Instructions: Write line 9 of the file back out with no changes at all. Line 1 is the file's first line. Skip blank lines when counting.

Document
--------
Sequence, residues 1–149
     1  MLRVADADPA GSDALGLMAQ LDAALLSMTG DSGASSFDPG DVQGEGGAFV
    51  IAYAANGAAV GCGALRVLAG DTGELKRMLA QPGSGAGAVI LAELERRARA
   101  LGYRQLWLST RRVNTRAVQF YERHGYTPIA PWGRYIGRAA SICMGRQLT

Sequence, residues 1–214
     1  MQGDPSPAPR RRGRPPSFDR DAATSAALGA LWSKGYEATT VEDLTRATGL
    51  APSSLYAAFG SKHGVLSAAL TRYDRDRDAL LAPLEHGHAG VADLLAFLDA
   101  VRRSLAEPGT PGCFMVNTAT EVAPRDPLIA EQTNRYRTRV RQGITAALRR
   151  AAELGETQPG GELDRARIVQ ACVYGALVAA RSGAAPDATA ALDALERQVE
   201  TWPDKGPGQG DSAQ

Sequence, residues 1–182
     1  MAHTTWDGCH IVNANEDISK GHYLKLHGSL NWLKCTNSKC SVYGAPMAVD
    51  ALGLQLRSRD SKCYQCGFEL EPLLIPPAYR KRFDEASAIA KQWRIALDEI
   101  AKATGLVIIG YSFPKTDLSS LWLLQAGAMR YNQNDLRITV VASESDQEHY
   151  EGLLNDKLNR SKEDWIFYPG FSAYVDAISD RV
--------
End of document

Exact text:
   151  AAELGETQPG GELDRARIVQ ACVYGALVAA RSGAAPDATA ALDALERQVE